Training that is designed to fail

The honest truth about training you may not want to know is that..

All training is not equal. There are differences between training in a small business and training in a large corporation. Of course training (under the guise of education) is constantly mucked up by government. But one thing about training is almost universal and it is bad news.

Training becomes the fix-all solution when managers don’t know what else to do.

Don’t get me wrong, training can be very useful – but only if it is done right. Too many HR departments justify their existence by indentifying:

-        need for change

-        performance gaps

-        blind spots

-        weakness

-        sub-optimal performance

-        and blah-de-blah

… and training is the answer.


More often than not you will hear people say – 2 weeks after going on a course – that it was really interesting but they haven’t had the time to implement it.

BEFORE you resort to training, there are a number of things you must fix or have in place for training to have any value and have any chance to succeed.

1. The right strategy

If you don’t have the right strategy, you will not be training for the right skills.

2: The right people (who)

-        have common decency and you would actually like to work with, and

-        are passionate about their jobs

3. The right culture

Give them an opportunity to excel. (And if they don’t, demote them to their previous level of competence and apologise for your poor judgement.) If they are not passionate or nice any longer fire them for lying to you about who they really were.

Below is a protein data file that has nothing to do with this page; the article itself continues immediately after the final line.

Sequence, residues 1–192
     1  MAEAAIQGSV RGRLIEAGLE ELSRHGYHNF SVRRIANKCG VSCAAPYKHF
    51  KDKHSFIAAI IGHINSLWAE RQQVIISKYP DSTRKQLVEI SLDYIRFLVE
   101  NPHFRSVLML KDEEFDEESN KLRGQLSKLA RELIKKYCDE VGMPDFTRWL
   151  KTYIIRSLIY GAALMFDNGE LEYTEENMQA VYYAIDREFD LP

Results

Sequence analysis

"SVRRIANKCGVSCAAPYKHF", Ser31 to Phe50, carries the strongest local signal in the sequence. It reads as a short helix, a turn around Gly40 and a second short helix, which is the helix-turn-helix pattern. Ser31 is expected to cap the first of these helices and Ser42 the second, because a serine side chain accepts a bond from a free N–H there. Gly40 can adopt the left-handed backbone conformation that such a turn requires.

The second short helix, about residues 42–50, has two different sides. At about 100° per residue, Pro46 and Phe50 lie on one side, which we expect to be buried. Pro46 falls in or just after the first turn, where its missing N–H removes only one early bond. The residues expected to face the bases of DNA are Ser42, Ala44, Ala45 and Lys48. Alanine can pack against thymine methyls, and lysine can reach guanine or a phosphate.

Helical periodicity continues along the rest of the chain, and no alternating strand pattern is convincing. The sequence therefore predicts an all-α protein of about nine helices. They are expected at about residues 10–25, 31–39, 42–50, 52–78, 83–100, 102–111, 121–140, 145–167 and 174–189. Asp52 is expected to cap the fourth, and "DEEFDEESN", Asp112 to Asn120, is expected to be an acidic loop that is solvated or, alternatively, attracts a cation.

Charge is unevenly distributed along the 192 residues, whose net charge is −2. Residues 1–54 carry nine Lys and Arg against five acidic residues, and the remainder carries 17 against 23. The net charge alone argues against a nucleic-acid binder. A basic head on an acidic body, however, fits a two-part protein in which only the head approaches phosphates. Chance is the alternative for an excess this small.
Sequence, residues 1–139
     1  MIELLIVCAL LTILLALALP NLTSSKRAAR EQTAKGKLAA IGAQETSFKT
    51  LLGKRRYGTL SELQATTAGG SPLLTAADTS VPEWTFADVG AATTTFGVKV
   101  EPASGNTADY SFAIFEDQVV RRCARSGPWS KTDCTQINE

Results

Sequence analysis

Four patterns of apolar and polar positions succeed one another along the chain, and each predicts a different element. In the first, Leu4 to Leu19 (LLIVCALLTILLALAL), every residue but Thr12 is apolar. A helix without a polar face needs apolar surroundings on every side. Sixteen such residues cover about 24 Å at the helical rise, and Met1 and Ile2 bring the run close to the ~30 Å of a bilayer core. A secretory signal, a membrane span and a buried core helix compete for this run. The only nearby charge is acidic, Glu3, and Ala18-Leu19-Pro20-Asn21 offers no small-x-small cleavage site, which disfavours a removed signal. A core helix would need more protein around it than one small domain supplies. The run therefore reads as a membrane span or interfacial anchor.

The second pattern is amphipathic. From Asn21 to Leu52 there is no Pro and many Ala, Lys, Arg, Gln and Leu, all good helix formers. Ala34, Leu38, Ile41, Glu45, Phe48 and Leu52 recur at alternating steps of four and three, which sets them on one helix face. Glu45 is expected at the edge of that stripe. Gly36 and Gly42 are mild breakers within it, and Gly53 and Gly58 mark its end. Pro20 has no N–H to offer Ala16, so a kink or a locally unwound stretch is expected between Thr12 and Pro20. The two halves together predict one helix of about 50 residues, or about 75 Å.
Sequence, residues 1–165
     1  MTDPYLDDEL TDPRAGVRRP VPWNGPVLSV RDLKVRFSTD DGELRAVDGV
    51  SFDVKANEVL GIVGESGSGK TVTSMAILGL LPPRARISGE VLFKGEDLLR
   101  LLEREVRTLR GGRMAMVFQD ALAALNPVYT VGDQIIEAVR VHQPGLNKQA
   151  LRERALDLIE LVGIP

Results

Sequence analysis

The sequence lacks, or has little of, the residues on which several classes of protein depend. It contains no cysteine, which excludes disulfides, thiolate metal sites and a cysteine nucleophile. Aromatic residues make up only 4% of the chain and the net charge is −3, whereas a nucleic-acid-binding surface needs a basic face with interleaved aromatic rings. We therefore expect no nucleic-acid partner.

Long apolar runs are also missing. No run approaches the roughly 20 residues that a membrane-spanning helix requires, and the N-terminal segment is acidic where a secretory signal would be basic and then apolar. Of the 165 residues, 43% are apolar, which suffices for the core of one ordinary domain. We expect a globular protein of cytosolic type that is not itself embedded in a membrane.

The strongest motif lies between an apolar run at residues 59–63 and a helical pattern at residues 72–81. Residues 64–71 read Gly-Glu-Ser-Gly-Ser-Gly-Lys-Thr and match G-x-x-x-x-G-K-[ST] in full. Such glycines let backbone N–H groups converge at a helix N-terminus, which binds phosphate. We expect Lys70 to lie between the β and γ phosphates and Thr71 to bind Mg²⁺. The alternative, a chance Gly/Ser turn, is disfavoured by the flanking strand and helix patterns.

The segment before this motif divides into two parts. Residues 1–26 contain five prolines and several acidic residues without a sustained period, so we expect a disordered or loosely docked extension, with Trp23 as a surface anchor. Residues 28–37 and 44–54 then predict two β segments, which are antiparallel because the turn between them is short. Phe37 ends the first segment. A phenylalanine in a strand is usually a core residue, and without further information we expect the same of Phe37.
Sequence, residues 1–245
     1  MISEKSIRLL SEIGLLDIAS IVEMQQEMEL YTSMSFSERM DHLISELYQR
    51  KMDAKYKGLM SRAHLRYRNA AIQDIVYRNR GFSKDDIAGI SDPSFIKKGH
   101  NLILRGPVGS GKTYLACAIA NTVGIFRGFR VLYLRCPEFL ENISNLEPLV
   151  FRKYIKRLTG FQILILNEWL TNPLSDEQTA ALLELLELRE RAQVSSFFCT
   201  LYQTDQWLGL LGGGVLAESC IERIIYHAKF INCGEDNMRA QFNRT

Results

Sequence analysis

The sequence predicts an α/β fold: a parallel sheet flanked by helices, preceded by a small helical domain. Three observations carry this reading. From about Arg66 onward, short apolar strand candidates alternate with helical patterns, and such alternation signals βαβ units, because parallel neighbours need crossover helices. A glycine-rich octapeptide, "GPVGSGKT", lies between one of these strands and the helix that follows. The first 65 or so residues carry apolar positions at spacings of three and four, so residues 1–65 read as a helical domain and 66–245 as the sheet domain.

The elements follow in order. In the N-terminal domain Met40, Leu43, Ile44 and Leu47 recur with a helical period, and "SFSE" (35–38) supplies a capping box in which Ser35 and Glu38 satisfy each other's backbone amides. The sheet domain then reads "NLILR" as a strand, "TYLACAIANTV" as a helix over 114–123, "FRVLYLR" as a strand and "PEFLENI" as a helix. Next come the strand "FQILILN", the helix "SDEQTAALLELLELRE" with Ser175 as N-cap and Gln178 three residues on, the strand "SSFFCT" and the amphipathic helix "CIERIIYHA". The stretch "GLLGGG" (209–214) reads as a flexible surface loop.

Good training is built on the strengths of the individuals. ‘Skills improvement’ – specifically soft skills are incredibly hard to train. Unless an individual is personally focused on it and motivated to make those changes themselves it aint gonna happen.

Just like an obese person or an alcoholic must take personal ownership of the status quo and then make a personal commitment to dealing with it – no amount of chalk & talk is going to cure it. And here is a little inside-tip to the HR professionals:

Despite what the delegates ‘say’ in those little breakaway groups, the reality is and will be very different. Nobody is going to make life-affirming, or identity-shattering confessions to a guy he met last night at the bar before the leadership seminar.

I don’t advocate ‘no training’ – but fundamentally, more important than the training is the raw material that you are working with. Recruit well and 90% of your training ‘problems’ go away.

Like the biblical seeds that are sown on the different types of soil, so training success only on the fertile soil and never on the field of weeds where they get strangled by politics and pretence.